As the regime’s exports of oil are already under international sanctions, the threat of the oil worker’s strikes worsening the regime’s already reduced revenue is a worry for the mullahs’, who rely on the revenues to fund their illicit activities abroad.

Tritan Shehu’s Remarks to the Free Iran World Summit 2021–July 12, 2021

Tritan Shehu, Albanian MP, Minister of Foreign Affairs (1996-1997), addressed at the 2nd Day of The Free Iran World Summit on July 12, 2021.

Dear Mrs. Rajavi, distinguished guests, dear Iran and France, and all over the world. It’s my pleasure to take part in this very important summit for democracy and freedom, attended by so many international personalities and thousands of Iranian.

Freedom and democracy is a fundamental, a universal right, and the people of Iran deserve it. They deserve human rights, justice, and the states of law. Freedom means also deity worgen health, freedom means peace, integration with the other people to be open to all without any prejudice, discrimination, regardless of race, gender, religion, the geographic position, etc.

Iranians need to enjoy themselves. They suffer from the misuse of religion, from oppression of the people, poverty, corruption of the government, and many more. So, I fully understand why they want democracy because democracy is fundamental for development, for stability, for the country, and also for the so complicated Middle East region.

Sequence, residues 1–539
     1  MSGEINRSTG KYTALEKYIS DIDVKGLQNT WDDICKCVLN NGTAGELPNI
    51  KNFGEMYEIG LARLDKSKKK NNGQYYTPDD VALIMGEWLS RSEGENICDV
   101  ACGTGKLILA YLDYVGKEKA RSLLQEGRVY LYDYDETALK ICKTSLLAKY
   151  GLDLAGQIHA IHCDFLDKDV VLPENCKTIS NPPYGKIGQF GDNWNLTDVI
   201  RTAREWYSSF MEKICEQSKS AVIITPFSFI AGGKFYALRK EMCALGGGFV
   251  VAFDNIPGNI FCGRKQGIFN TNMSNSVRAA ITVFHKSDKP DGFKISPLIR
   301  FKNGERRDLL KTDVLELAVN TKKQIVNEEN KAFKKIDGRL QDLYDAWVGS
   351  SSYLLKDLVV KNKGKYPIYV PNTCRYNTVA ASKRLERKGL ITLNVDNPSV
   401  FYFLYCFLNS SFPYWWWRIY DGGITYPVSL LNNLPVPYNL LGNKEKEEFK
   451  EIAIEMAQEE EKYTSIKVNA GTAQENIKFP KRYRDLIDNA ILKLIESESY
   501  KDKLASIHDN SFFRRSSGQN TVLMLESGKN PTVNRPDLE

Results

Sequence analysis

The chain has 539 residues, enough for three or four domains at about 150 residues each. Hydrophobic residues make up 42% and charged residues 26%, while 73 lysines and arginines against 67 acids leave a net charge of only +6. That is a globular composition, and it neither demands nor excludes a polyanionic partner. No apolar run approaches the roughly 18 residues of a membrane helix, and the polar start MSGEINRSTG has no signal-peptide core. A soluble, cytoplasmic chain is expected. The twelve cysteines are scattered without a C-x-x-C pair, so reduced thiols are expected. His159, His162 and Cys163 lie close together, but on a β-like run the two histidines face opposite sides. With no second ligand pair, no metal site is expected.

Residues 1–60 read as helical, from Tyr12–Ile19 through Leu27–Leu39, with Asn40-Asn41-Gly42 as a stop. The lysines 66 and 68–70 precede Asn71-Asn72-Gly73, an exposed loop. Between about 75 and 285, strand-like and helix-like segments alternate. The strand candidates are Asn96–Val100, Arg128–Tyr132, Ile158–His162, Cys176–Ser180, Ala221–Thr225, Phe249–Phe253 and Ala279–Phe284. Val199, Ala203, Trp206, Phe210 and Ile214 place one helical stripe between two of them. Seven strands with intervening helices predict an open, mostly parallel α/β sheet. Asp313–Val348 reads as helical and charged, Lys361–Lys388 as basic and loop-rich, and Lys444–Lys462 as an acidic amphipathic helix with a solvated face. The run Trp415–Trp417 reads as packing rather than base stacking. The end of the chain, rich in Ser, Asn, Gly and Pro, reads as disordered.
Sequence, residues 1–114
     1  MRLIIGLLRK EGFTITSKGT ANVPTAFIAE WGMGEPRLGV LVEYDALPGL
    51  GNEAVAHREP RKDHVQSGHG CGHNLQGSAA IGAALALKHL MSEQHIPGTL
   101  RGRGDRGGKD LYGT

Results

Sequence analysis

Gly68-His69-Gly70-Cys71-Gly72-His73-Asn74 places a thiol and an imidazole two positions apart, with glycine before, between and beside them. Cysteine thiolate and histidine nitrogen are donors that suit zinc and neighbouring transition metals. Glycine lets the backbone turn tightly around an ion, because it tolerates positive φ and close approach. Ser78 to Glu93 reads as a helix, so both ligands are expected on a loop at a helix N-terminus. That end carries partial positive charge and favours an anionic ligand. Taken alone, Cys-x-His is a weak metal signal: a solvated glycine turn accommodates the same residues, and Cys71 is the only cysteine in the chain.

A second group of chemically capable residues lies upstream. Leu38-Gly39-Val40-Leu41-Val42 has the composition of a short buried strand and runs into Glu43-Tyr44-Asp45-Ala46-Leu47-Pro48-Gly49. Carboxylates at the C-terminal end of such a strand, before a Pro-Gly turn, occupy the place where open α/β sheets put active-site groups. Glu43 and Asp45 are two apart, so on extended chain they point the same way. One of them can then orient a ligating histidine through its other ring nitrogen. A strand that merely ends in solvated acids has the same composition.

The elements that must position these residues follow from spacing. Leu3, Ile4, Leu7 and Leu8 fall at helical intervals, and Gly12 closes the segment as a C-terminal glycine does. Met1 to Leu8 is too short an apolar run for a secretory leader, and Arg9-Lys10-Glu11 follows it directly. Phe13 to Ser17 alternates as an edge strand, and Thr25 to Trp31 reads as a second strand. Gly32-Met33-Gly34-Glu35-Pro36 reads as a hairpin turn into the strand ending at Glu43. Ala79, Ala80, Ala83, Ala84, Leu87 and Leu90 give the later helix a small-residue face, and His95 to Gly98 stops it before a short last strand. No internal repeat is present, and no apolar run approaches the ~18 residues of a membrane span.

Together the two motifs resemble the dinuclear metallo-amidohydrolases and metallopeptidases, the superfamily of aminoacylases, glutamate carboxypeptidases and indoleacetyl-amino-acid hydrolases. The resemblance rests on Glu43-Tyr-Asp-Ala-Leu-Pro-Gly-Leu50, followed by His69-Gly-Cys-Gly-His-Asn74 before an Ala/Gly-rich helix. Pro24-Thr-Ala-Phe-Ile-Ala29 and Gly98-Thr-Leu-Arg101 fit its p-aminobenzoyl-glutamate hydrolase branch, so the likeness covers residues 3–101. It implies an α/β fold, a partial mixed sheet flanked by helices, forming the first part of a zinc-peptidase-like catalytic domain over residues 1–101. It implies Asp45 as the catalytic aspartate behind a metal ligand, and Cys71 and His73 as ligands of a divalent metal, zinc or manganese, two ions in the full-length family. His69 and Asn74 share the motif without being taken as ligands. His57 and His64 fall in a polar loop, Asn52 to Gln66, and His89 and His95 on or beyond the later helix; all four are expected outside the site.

So, it is necessary to avoid extremism, the fundamentalist mentality, organization, institutions, and state. Fundamentalism is not only in the form of democracy, but the more create a basis for radicalism and terrorism, at the moment in which we need to create the condition for a peaceful cohabitation between the peoples for the prosperity.

Only democracy can be the guarantee for these and this only one model of democracy there is over freedom, equality, human rights, diversity, free votes for all.

This is why I give you my solidarity and stand with you on the right side of history in your cause for democracy and equality. I wish you the best and a successful summit. Thank you.

NCRI’s Foreign Affairs Committee Chairman Discusses His Thoughts on the Iranian Regime and the Threat of Their Overthrow

Mohammad Mohaddessin, Chairman of the NCRI’s Foreign Affairs Committee
Mohammad Mohaddessin, Chairman of the NCRI’s Foreign Affairs Committee